Gloriana, Op. 53, is an opera in three acts by Benjamin Britten to an English libretto by William Plomer, based on Lytton Strachey's 1928 Elizabeth and Essex: A Tragic History. The first performance was presented at the Royal Opera House, London, in 1953 during the celebrations of the coronation of Queen Elizabeth II. Gloriana was the name given by the 16th-century poet Edmund Spenser to his character representing Queen Elizabeth I in his poem The Faerie Queene. It became the popular name given to Elizabeth I. It is recorded that the troops at Tilbury hailed her with cries of "Gloriana, Gloriana, Gloriana", after the defeat of the Spanish Armada in 1588.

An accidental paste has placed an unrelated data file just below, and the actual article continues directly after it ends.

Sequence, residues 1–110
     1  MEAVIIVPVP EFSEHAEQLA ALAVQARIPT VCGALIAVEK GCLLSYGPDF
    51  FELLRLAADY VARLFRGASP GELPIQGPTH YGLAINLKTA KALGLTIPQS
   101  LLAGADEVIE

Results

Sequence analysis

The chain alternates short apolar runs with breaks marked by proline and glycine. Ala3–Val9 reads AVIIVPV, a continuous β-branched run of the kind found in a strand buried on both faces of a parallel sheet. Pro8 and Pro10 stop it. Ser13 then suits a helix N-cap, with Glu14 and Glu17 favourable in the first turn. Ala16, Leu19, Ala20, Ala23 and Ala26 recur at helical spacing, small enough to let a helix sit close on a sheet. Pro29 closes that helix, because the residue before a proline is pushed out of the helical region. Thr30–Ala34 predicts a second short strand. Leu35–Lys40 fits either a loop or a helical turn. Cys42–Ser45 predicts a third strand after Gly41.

The opera depicts the relationship between Queen Elizabeth and the Earl of Essex, and was composed for the coronation of Queen Elizabeth II in June 1953. Several in the audience of its gala opening were disappointed by the opera, which presents the first Elizabeth as a sympathetic, but flawed, character motivated largely by vanity and desire. The premiere was one of Britten's few critical failures, and the opera was not included in the series of complete Decca recordings conducted by the composer. However, a symphonic suite extracted from the opera by the composer (Opus 53a), which includes the Courtly Dances, is often performed as a concert piece.